For decades, researchers have disagreed and debated about the biological causes of autism. It is a spectrum of widely varied disorders that are typically diagnosed based on behavioral criteria, not physical etiology. This symptomatic approach has hampered a more direct assessment of the spectrum of autism, but that may be changing. Advances in several areas, such as gene sequencing, neurophysiology, and the role of the gut-brain axis come together in new ways that enhance discoveries formerly confined to respective disciplines.

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Neurophysiology and the Gut

While there are few solid causal links between any autism spectrum disorder (ASD) and the gut’s microbial mechanisms that regulate immunity via nerve cell channels and a system of neurons throughout the gastrointestinal tract, there are defined links that bear further examination. First, comorbidity of digestive disorders and identifiable difference in fecal flora occur in most patients with ASD, irrespective of the severity or manifestation of the disorder.

While it is as yet unclear that any abnormality in the gut flora or morphology is responsible for ASD, what is manifest is the difference in neurophysiology. As reported by the American Speech-Language-Hearing Association (ASLHA), those who are diagnosed with an ASD typically exhibit characteristic differences in brain formation. These include increased gray matter in the frontal and temporal lobes, decreased proportion of white matter, and both functional and anatomical differences in the limbic system and the cerebellum.

These structural abnormalities are accompanied by developmental differences that have physical foundations. Young children show a pronounced preference for asocial processing, which occurs in a different portion of the brain. The orthodox model of development indicates children should gravitate to tasks and pastimes that utilize social processing methods, and encourage them to make eye contact, seek physical interaction, and develop social and spatial reasoning skills. The young child with an ASD will choose different skill development, which alters the normative patterns in the neural net that are required for attention to social details and interaction in later life.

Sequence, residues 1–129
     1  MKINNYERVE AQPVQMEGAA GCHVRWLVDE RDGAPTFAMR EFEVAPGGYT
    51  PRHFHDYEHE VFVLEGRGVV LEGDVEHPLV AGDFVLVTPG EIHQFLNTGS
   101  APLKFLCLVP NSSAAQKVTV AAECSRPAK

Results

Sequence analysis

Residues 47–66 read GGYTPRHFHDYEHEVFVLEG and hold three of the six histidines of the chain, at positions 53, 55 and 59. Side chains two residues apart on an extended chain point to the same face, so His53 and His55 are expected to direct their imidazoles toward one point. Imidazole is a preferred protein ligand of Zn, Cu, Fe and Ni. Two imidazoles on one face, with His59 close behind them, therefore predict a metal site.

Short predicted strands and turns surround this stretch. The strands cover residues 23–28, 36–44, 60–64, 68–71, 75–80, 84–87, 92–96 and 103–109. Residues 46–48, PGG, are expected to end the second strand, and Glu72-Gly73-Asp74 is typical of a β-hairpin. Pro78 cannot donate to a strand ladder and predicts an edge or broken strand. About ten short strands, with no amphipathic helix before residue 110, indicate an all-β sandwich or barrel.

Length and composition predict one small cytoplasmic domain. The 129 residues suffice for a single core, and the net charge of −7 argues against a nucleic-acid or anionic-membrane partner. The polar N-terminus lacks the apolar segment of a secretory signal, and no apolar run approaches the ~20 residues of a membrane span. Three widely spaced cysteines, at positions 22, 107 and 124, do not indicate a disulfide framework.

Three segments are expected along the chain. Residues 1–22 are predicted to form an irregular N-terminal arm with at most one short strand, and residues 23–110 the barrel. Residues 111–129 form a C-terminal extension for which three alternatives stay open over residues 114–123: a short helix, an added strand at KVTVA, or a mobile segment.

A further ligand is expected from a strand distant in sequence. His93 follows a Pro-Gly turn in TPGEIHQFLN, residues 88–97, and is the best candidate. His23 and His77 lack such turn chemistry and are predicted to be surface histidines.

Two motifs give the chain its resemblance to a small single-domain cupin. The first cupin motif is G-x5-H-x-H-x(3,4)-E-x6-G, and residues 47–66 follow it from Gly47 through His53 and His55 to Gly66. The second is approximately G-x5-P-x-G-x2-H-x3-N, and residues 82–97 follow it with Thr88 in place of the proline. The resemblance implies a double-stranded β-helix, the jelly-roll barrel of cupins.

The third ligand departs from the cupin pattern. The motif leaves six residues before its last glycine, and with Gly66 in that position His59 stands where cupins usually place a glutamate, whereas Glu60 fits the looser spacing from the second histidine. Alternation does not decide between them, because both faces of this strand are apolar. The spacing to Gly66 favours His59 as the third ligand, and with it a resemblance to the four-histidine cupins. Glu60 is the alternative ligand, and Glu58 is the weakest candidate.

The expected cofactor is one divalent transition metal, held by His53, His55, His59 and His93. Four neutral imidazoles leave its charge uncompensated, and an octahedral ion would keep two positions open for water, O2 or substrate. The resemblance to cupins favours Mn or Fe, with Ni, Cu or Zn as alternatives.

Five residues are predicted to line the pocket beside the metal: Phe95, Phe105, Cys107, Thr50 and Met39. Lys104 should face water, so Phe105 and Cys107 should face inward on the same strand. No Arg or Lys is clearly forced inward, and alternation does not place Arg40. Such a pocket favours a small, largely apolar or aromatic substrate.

Genetics or Environmental Stimuli

In the first decade of the 21st century, many researchers engaged in twin studies. The working hypotheses included the possibility that ASD has a genetic factor, or are heritable. The actuality turns out to be a bit more complicated than even the intricate mysteries of the human genome. Twin studies, or designed observational experiments involving twins and siblings, seemed to indicate the high likelihood that autism was genetic and could be passed to offspring.

When examining the possible genetic origins of ASD, there are a few critical factors to consider. First, upwards of 70 percent of all diagnosed cases of ASD occur in males. Second, regarding exhaustive twin studies, instances of twin siblings both exhibiting signs of ASD run exceptionally high in identical twins, with far fewer cases of fraternal twins sharing a disorder, especially if they do not share a sex. In siblings from the same pairing, the incidence of ASD is dramatically lower, although still possible.

A meta-study published in a 2016 issue of J. Child Psychological Psychiatry appears to substantiate the genetic heritability of ASD. While some researchers still uphold the importance of shared environmental factors that may influence the expression of genes responsible for the occurrence of ASD, the metastudy casts doubt upon such influences as causal.

There is still much research to be done. Scientists continue to probe the mechanisms of heritability and the influence of shared environmental factors for the incidence of ASD. While it is still unknown precisely which genes are responsible, many researchers believe that the biological causes of autism are genetic, and influence the formation of critical areas of the brain, functional operation of the formative neural net, and the distribution of gray matter.